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Economic study says most landlords will pass the cost onto renters, hurting lower-income households the most

WHAT IS HAPPENING? This Wednesday the City Council will consider imposing a fee on landlords of $60 per year on rental units in Portland to fund the Office of Rental Services. Regulated units that are affordable to families earning 60% or less of the region's median family income would be exempt. Multifamily NW, the largest organization representing landlords in the region, opposes the fee.

WHAT DOES THE OFFICE DO? The council created the office within the Portland Housing Bureau in 2017 to register all rental units in Portland and to provide a range of services to renters. The services include: education on landlord-tenant laws and policies; enforcement of fair housing laws; legal assistance; relocation assistance; mediation services and more.

WHY IS THE FEE NEEDED? The council funded the office this year with $2.8 million in general fund and one-time dollars, including cannabis tax funds. The council directed the office to recommend a fee structure that would make it self-sufficient.

The office has determined there are 121,000 rental units in Portland. Of those, 20,000 are affordable to households earning 60% or less of the regional MFI. That leaves 101,000 for the fee to be applied to. The $60 per year fee would raise $3.6 million for the next fiscal year, which is what the office will be requesting.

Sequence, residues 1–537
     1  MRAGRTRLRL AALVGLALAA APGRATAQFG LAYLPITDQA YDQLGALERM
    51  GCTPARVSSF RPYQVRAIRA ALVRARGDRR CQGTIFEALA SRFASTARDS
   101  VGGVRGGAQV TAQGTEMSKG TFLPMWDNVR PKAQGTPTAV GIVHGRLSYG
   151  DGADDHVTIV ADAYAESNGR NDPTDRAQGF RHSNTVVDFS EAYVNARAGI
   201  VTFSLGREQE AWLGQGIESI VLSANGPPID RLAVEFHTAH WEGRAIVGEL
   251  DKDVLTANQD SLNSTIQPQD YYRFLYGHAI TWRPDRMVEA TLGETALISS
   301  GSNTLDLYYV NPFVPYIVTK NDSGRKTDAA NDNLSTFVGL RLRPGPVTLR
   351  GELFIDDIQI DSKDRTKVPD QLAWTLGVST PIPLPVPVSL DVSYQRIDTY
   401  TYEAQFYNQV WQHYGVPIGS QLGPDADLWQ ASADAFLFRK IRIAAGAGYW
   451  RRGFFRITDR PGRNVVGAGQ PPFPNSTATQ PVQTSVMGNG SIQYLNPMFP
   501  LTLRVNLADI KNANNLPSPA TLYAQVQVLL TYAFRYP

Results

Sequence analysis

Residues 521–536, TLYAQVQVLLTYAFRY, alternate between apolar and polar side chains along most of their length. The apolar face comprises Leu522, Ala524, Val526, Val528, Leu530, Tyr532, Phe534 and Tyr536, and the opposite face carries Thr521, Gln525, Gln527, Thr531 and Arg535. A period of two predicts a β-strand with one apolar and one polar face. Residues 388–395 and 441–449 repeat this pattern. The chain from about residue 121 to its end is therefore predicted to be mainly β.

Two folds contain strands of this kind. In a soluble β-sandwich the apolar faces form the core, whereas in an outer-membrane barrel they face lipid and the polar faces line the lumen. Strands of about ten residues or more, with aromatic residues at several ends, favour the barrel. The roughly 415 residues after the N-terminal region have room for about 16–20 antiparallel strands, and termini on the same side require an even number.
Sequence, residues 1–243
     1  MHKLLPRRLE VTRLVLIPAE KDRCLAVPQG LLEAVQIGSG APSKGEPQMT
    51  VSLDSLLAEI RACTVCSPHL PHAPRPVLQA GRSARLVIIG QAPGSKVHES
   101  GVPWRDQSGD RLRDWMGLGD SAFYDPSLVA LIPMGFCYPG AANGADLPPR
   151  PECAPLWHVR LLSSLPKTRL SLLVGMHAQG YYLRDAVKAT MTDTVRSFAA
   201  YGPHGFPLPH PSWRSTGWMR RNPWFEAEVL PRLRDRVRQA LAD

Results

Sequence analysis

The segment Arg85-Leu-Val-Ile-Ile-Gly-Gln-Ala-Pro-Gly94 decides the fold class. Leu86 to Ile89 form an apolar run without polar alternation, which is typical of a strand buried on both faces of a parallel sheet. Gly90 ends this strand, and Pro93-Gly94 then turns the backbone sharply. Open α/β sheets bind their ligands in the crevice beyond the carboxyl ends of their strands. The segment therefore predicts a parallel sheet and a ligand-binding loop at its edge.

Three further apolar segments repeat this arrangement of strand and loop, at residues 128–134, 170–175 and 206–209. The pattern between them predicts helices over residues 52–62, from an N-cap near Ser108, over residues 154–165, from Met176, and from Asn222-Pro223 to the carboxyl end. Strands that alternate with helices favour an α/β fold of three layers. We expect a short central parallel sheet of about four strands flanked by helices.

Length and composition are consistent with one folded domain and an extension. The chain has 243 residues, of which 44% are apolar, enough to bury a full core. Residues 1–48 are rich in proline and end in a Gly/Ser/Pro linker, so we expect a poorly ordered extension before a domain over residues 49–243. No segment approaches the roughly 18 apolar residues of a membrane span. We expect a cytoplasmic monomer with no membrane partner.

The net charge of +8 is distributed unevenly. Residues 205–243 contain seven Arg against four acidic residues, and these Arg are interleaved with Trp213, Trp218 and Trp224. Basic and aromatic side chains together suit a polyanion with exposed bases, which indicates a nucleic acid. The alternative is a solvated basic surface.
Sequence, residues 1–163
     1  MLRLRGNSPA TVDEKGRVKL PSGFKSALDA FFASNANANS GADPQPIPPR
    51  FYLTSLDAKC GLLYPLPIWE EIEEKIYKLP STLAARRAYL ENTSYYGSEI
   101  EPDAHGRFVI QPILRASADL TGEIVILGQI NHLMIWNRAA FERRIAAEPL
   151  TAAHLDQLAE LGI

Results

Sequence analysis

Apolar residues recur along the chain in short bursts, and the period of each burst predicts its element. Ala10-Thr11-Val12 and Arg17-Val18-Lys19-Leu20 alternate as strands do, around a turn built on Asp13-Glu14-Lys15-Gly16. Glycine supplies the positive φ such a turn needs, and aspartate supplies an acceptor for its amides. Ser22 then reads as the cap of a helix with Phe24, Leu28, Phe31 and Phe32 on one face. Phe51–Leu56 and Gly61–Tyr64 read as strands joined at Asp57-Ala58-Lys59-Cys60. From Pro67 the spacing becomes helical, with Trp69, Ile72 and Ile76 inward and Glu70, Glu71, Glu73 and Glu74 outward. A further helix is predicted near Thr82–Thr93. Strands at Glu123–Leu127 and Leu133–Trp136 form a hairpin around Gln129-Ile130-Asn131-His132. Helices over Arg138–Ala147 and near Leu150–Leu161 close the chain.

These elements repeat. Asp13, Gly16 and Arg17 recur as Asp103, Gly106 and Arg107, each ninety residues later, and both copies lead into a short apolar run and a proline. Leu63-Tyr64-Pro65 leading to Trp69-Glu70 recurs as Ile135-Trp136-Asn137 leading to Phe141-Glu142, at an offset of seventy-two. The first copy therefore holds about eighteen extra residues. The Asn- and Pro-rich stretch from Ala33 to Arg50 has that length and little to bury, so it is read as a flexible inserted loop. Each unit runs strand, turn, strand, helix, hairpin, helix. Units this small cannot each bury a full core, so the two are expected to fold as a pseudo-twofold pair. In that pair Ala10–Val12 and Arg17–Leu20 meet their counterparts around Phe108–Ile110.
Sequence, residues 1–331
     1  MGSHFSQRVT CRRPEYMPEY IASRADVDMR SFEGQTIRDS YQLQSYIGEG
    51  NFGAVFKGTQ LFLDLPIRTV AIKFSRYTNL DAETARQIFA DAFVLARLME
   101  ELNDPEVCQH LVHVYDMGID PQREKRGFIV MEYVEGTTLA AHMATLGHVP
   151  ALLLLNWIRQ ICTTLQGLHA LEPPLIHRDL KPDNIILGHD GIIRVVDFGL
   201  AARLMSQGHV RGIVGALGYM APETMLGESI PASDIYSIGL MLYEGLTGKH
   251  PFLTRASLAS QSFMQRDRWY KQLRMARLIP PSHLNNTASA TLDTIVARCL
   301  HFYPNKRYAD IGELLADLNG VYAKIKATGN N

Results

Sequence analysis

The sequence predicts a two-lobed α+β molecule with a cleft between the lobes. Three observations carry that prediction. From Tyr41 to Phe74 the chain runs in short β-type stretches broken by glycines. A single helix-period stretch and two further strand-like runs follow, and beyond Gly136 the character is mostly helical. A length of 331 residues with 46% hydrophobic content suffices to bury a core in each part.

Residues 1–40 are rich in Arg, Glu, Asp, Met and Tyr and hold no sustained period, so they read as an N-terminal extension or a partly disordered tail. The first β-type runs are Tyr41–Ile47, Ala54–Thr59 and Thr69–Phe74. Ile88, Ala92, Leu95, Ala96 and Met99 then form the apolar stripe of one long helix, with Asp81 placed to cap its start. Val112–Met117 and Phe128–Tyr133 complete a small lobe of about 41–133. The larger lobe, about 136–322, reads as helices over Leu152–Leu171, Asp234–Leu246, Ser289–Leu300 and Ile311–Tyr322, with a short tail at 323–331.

With the current average market rate rent in Portland at $1,425 per month, the office says the fee equals approximately one-third of 1% of the average Portland rent collected annually. The fee would increase each year for inflation.

HOW DOES THE FEE COMPARE TO OTHER CITIES? Many other cities charge similar annual fees. Some are higher, some are lower. According to the office, Boston charges $25 ($15 renewal), Los Angeles charges $43.32, Seattle charges $175 plus $2 per unit, and Minneapolis charges between $70 and $700 plus $5 per unit.

WHAT DO CRITICS SAY? When Multifamily NW learned the fee was going to be proposed, it commissioned a study of its potential effects by the local Johnson Economics consulting firm. The report says that most landlords will raise rents $60 per year to pay the fee, increasing housing costs for renters. Because the fee is a flat $60 per year, the increase will be regressive, meaning lower-income renters will pay more of their earnings to cover it than wealthier renters.

"Apparently the City Council has forgotten we are in a housing crisis," said Multifamily NW Executive Director Deborah Imse.

Some landlords also complain that the fee will be on top of other cost increases generated by the council, including mandatory relocation assistance in certain situations and new application screening requirements.

"We're doing everything we can as a housing provider to keep costs affordable, but these new policies are pushing prices in the other direction," said Jessica Greenlee, director of operations for Affinity Property Management.

WHAT CAN I DO? You can read the ordinance on the agenda page of the city's website. You also can find contact information for all council members at the website, which is

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